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Using economic evidence to help make the case for investing in health promotion and disease prevention

McDaid, David ORCID: 0000-0003-0744-2664 (2018) Using economic evidence to help make the case for investing in health promotion and disease prevention. Policy briefs, Kluge, Hans and Figueras, Josep (eds.) (2). WHO Regional Office for Europe, Copenhagen, Denmark.

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This policy brief is one of a new series to meet the needs of policy-makers and health system managers. The aim is to develop key messages to support evidence-informed policy-making. The 2008 Tallinn Charter: Health Systems for Health and Wealth recognized that investing in health means investing in human development, social well-being and wealth. It stated that ‘health systems are more than health care and include disease prevention, health promotion and efforts to influence other sectors to address health concerns in their policies’. Ten years on, investment in health promotion and disease prevention activities, at least within the health sector, remains stubbornly low in many countries. For instance, OECD countries typically allocate between 2% and 4% of total health sector spending to these activities. Moreover, between 2009/2010 and 2012/2013 on average spending fell in real terms and still in 2014/2015 was only growing at around 2% per annum, a rate that is much lower than before the onset of the global economic crisis. There are many different reasons for this, but undoubtedly some budget holders in health systems are sceptical about the case for focusing more on public health, contending that there is insufficient evidence available to justify such an investment. In this policy brief we argue that this scepticism about the evidence is overstated. Moreover, the existing evidence base can in fact be adapted to be useful in many different systems and country contexts across the WHO European Region.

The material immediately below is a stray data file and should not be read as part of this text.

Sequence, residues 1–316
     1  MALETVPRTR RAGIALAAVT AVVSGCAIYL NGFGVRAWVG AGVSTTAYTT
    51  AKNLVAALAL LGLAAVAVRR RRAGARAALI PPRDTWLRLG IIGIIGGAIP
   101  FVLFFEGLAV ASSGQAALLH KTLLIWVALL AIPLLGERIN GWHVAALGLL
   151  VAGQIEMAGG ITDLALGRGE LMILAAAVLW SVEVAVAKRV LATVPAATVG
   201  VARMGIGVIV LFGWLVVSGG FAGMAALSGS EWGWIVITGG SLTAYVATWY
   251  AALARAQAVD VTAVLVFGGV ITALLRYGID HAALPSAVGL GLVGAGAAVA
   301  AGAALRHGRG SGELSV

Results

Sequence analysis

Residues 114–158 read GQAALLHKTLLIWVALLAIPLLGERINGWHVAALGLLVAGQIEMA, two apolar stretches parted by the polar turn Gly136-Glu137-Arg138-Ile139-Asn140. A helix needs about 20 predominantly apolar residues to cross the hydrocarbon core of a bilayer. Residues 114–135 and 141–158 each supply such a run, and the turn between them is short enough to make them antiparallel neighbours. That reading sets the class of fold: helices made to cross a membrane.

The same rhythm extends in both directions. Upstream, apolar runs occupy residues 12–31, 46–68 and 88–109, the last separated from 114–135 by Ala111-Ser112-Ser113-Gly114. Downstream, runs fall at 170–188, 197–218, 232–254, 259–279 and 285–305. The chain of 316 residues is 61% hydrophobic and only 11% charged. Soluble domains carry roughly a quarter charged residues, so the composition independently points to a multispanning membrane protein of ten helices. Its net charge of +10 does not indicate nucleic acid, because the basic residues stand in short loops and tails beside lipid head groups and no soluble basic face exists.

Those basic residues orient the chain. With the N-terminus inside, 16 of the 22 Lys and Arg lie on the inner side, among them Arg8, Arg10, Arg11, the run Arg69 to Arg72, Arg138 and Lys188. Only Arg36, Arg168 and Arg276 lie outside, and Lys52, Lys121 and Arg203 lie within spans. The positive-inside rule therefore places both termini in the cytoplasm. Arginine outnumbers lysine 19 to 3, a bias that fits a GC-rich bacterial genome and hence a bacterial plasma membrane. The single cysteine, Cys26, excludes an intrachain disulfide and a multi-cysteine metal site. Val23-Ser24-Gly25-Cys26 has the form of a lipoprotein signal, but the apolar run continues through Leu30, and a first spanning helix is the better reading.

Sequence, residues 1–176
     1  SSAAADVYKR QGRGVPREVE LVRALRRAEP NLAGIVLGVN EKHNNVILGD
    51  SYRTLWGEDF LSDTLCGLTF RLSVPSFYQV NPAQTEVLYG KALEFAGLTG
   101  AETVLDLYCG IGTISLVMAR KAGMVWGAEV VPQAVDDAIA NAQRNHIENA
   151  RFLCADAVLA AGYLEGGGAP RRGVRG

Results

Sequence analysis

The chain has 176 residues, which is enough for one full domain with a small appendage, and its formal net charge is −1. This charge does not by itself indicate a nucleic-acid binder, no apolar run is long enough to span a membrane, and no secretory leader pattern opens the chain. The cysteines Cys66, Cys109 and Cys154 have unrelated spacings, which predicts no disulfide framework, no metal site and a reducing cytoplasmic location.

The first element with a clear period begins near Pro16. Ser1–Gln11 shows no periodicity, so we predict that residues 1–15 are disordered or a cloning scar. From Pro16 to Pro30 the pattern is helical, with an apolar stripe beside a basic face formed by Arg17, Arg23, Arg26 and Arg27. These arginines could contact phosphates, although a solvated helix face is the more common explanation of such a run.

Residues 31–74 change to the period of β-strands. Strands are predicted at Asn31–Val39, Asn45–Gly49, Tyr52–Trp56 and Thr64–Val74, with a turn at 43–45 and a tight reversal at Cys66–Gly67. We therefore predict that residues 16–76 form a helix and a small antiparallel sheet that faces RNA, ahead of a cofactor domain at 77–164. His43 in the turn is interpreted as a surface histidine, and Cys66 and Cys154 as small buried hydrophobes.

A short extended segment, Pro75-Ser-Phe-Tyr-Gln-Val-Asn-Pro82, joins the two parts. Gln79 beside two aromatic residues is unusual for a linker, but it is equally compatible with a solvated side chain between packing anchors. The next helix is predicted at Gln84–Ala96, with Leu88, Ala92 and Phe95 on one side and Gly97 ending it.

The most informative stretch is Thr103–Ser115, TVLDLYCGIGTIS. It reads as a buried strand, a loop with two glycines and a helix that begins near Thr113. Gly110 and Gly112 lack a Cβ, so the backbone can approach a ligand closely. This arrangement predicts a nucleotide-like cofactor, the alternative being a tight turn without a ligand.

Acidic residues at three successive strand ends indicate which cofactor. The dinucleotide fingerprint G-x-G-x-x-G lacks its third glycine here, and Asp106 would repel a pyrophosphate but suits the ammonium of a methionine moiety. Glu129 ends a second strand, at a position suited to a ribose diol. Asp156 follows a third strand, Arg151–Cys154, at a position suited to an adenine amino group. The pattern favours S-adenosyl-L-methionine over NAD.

Item Type: Monograph (Report)
Official URL:
Additional Information: © 2018 World Health Organization (acting as the host organization for, and secretariat of, the European Observatory on Health Systems and Policies)
Divisions: Personal Social Services Research Unit
Subjects: H Social Sciences > HC Economic History and Conditions
R Medicine > RA Public aspects of medicine > RA0421 Public health. Hygiene. Preventive Medicine
Date Deposited: 27 Sep 2018 08:27
Last Modified: 13 Oct 2021 23:16

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